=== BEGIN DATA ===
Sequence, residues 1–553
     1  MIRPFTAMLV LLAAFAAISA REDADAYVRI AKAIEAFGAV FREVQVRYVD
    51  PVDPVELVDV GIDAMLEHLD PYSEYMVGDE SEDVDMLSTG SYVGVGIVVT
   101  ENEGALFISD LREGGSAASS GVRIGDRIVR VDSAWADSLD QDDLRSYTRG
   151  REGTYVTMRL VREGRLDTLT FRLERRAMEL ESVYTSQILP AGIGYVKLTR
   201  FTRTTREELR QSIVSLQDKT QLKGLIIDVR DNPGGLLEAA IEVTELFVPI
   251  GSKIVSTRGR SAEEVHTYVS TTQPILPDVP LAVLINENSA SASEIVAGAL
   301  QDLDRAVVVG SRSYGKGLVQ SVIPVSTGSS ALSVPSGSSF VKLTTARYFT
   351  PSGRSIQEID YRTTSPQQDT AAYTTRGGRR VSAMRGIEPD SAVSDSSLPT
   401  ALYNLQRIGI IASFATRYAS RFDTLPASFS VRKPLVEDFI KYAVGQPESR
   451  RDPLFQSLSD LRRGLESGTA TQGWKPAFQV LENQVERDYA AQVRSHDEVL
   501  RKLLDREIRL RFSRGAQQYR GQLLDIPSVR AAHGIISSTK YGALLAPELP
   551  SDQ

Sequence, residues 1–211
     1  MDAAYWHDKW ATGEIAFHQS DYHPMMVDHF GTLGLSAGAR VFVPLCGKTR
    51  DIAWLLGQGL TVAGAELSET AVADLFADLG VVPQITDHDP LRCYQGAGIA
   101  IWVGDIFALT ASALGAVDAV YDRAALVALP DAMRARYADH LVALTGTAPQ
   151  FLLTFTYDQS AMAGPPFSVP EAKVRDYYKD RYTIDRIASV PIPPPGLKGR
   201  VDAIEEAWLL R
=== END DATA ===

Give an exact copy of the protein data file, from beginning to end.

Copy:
Sequence, residues 1–553
     1  MIRPFTAMLV LLAAFAAISA REDADAYVRI AKAIEAFGAV FREVQVRYVD
    51  PVDPVELVDV GIDAMLEHLD PYSEYMVGDE SEDVDMLSTG SYVGVGIVVT
   101  ENEGALFISD LREGGSAASS GVRIGDRIVR VDSAWADSLD QDDLRSYTRG
   151  REGTYVTMRL VREGRLDTLT FRLERRAMEL ESVYTSQILP AGIGYVKLTR
   201  FTRTTREELR QSIVSLQDKT QLKGLIIDVR DNPGGLLEAA IEVTELFVPI
   251  GSKIVSTRGR SAEEVHTYVS TTQPILPDVP LAVLINENSA SASEIVAGAL
   301  QDLDRAVVVG SRSYGKGLVQ SVIPVSTGSS ALSVPSGSSF VKLTTARYFT
   351  PSGRSIQEID YRTTSPQQDT AAYTTRGGRR VSAMRGIEPD SAVSDSSLPT
   401  ALYNLQRIGI IASFATRYAS RFDTLPASFS VRKPLVEDFI KYAVGQPESR
   451  RDPLFQSLSD LRRGLESGTA TQGWKPAFQV LENQVERDYA AQVRSHDEVL
   501  RKLLDREIRL RFSRGAQQYR GQLLDIPSVR AAHGIISSTK YGALLAPELP
   551  SDQ

Sequence, residues 1–211
     1  MDAAYWHDKW ATGEIAFHQS DYHPMMVDHF GTLGLSAGAR VFVPLCGKTR
    51  DIAWLLGQGL TVAGAELSET AVADLFADLG VVPQITDHDP LRCYQGAGIA
   101  IWVGDIFALT ASALGAVDAV YDRAALVALP DAMRARYADH LVALTGTAPQ
   151  FLLTFTYDQS AMAGPPFSVP EAKVRDYYKD RYTIDRIASV PIPPPGLKGR
   201  VDAIEEAWLL R